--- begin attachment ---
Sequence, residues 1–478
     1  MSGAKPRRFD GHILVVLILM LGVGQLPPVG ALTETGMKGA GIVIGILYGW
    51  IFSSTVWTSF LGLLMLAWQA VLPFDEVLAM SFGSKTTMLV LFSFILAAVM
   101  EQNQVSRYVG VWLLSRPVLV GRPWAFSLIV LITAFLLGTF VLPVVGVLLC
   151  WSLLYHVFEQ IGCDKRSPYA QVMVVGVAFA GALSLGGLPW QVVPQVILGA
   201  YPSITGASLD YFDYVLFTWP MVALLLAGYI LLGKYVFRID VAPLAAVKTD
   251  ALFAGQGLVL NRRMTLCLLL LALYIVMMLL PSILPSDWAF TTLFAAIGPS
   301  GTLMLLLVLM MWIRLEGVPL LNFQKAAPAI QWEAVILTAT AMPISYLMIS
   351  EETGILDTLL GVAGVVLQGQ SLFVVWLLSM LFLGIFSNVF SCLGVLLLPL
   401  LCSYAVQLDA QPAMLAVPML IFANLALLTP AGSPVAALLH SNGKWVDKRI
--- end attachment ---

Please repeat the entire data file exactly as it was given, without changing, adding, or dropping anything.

Sequence, residues 1–478
     1  MSGAKPRRFD GHILVVLILM LGVGQLPPVG ALTETGMKGA GIVIGILYGW
    51  IFSSTVWTSF LGLLMLAWQA VLPFDEVLAM SFGSKTTMLV LFSFILAAVM
   101  EQNQVSRYVG VWLLSRPVLV GRPWAFSLIV LITAFLLGTF VLPVVGVLLC
   151  WSLLYHVFEQ IGCDKRSPYA QVMVVGVAFA GALSLGGLPW QVVPQVILGA
   201  YPSITGASLD YFDYVLFTWP MVALLLAGYI LLGKYVFRID VAPLAAVKTD
   251  ALFAGQGLVL NRRMTLCLLL LALYIVMMLL PSILPSDWAF TTLFAAIGPS
   301  GTLMLLLVLM MWIRLEGVPL LNFQKAAPAI QWEAVILTAT AMPISYLMIS
   351  EETGILDTLL GVAGVVLQGQ SLFVVWLLSM LFLGIFSNVF SCLGVLLLPL
   401  LCSYAVQLDA QPAMLAVPML IFANLALLTP AGSPVAALLH SNGKWVDKRI